During WWII, the Roosevelt administration provided arms and ammunition to the Soviet Union under the lend/lease program. Curtiss-Wright built P-40 fighter planes in Buffalo, N.Y., and transported them by ship to the Middle East. After reassembly in Persia (modern day Iran), Russian pilots flew them to the eastern front, where they fought against German Messerschmitts.
Yagen’s first airplane was a Curtiss P40E, discovered frozen in the tundra near the Arctic Circle in Russia. After its recovery in 1992, Yagen bought the airframe three years later, with plans to restore and fly the old warbird. The Germans had shot down this particular airplane, part of the Lend-Lease Program, while it was protecting the far northern, warm-water seaport of Murmansk.
Flying warbirds is a different kind of flying
Yagen spent thousands of hours flying aircraft with a nose wheel, but had no flight experience with tail-wheel airplanes such as the P-40. He began looking for a tail-wheeled training aircraft so he could learn to fly and land the P-40. Word came to him that a bright yellow Stearman biplane was for sale in Texas by its owner (who had just lost his flight medical certificate). He purchased the plane over the phone and hired a pilot to fly it to Virginia in the winter of 1997. Boeing originally built these airplanes by the thousands during WWII to perform primary flight training for young pilots rushing off to war. Many of the surviving aircraft later became crop dusters; this aircraft had been restored to its original condition.
The Stearman was not heavy enough or fast enough to prepare Yagen for the speed of a WWII fighter plane, so Yagen found a low-time Navy SNJ-4 in South Africa. It had a recent engine overhaul and a unique history as a utility aircraft serving with American forces in the Aleutian Islands of Alaska, where the Japanese invaded during the war. The airplane sported the original dark blue Pacific colors — based upon a photograph found in an Alaska museum — of its operations at Dutch Harbor during the war.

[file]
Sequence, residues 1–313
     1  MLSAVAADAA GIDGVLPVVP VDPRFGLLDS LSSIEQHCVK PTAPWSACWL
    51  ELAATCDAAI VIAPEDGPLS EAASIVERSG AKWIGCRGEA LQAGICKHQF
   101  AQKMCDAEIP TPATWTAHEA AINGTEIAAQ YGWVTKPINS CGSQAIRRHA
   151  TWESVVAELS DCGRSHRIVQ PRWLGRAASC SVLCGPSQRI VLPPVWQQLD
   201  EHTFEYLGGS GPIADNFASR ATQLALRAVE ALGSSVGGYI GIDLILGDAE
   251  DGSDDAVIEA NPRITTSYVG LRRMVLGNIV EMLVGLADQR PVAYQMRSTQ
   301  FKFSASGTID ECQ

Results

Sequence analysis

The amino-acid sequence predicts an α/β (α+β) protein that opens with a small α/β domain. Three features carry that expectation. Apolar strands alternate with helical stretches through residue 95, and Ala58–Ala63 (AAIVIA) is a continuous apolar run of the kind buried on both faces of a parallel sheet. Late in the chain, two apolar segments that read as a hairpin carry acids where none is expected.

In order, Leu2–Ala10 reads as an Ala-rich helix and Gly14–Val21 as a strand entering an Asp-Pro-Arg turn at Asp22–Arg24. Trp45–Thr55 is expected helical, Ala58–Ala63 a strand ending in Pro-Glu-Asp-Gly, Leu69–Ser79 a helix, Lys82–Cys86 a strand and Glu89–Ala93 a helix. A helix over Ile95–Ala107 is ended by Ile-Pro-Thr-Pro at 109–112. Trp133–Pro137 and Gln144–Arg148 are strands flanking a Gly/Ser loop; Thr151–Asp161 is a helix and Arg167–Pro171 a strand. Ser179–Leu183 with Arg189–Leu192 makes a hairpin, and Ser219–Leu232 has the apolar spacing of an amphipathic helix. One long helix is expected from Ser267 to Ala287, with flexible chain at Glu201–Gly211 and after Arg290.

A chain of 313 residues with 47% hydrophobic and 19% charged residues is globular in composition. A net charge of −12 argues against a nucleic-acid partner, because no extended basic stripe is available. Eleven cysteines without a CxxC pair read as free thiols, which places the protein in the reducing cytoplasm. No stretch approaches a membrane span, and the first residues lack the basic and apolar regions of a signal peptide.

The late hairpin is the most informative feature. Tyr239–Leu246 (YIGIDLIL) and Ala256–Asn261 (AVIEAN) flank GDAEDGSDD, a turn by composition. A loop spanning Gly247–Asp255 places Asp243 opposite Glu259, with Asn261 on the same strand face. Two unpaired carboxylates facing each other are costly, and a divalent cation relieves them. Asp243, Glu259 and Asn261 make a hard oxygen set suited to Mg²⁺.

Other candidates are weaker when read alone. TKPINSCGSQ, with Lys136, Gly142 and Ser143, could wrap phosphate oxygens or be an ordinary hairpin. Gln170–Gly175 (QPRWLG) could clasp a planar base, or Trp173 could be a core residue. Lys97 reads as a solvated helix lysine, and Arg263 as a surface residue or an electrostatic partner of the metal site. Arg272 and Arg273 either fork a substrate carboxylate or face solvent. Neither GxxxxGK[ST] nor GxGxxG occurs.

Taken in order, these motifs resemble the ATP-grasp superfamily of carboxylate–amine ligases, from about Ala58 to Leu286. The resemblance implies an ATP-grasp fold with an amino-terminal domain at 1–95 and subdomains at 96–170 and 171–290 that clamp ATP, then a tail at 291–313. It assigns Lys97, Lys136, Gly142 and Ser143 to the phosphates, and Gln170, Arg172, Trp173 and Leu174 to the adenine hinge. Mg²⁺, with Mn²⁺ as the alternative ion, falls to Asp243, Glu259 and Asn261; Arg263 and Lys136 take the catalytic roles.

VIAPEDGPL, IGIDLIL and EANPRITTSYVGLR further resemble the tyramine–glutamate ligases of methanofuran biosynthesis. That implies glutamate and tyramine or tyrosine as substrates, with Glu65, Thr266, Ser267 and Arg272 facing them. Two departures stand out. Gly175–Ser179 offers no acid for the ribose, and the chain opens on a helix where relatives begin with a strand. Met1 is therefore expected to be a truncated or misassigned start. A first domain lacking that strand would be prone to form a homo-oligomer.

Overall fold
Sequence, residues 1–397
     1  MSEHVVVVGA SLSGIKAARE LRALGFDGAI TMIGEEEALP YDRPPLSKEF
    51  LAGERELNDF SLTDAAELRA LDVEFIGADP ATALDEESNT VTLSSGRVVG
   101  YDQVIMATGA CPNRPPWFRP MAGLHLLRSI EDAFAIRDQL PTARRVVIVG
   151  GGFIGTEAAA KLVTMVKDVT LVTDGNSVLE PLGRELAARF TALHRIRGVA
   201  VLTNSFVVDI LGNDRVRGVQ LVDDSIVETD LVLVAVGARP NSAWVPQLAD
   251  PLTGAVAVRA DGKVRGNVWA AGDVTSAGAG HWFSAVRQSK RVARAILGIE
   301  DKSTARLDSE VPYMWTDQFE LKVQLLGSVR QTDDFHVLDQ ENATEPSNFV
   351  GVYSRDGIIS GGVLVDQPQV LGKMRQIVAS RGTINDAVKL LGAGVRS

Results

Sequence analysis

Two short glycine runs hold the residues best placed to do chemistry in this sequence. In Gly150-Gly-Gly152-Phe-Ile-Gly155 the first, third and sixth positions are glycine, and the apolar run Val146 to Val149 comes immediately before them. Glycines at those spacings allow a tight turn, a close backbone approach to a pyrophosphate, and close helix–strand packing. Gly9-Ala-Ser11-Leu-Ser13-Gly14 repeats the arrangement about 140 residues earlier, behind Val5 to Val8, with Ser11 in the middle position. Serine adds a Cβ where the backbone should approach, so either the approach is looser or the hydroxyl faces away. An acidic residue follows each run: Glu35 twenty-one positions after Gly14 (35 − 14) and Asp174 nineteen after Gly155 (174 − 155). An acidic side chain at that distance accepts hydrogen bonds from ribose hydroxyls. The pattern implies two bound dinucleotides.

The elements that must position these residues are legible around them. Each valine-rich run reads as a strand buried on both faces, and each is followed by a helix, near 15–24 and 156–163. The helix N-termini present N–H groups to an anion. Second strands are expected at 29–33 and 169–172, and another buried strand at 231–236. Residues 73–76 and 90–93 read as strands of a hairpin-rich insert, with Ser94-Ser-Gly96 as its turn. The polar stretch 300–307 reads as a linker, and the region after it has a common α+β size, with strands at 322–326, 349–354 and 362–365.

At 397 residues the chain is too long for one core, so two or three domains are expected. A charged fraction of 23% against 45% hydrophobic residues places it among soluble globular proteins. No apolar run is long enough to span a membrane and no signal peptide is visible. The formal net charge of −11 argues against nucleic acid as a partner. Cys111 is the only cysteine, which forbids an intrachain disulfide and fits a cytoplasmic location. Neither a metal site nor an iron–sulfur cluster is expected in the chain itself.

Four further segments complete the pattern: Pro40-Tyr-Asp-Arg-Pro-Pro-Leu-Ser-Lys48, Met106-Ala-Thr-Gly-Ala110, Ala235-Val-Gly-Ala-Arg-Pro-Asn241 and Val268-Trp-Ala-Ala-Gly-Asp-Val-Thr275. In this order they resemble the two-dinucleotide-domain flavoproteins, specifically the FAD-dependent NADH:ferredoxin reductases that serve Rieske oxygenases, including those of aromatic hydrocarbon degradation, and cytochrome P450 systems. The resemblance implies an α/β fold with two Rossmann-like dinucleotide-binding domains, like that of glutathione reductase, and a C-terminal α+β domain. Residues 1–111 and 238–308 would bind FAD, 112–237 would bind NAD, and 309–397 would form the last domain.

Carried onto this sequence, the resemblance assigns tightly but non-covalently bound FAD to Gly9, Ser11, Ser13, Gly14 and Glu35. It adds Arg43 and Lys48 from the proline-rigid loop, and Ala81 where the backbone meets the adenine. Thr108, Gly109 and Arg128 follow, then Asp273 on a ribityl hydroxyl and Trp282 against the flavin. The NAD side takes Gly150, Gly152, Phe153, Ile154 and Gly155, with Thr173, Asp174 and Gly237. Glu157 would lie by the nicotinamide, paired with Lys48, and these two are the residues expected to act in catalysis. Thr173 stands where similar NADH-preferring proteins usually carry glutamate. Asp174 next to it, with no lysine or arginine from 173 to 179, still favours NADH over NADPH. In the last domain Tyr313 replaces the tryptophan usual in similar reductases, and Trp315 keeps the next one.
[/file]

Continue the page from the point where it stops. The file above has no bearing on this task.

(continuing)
While Yagen was coming up to speed in his SNJ-4, he ran into delays undergoing the restoration of the P-40.
“I hired some A&P mechanics to do the work in an office/warehouse at Norfolk Airport,” (ORF) Yagen said. “They built jigs and began work on the disassembly and reconstruction of the fuselage, but it was taking too long.”
Meanwhile, Yagen searched the world for the parts and components needed to rebuild the 50-year-old aircraft. None of the necessary parts was available from the original manufacturers and suppliers, as they had long ago gone out of business.
On one of his trips to New Zealand, in search of parts, Yagen learned that a local team was successfully completing its own P-40 restoration. They had the assembly jigs and some of the parts necessary to complete such an aircraft. Yagen decided to transport the partially restored aircraft to Auckland, New Zealand, and have them complete its restoration. Within two years, the airplane had its first test flight, painted in the markings of Tex Hill, who flew such a plane for the American volunteer group “Flying Tigers.” After disassembly, the plane traveled by ocean container to Virginia, where it’s now on display at the museum.
Yagen owns close to 60 aircraft. Some of the airplanes are off-site, including a Kingfisher, a Focke Wulf 190 and a de Havilland DH-89 Rapide, which is a large twin-engine biplane. Others under restoration reside at the Fighter Factory, the aircraft recovery and restoration component of the museum he owns, located at Suffolk Executive Airport (SFQ).
The Fighter Factory
Before any of Yagen’s airplanes join his museum’s collection, they go through the Fighter Factory, which is not normally open to the public.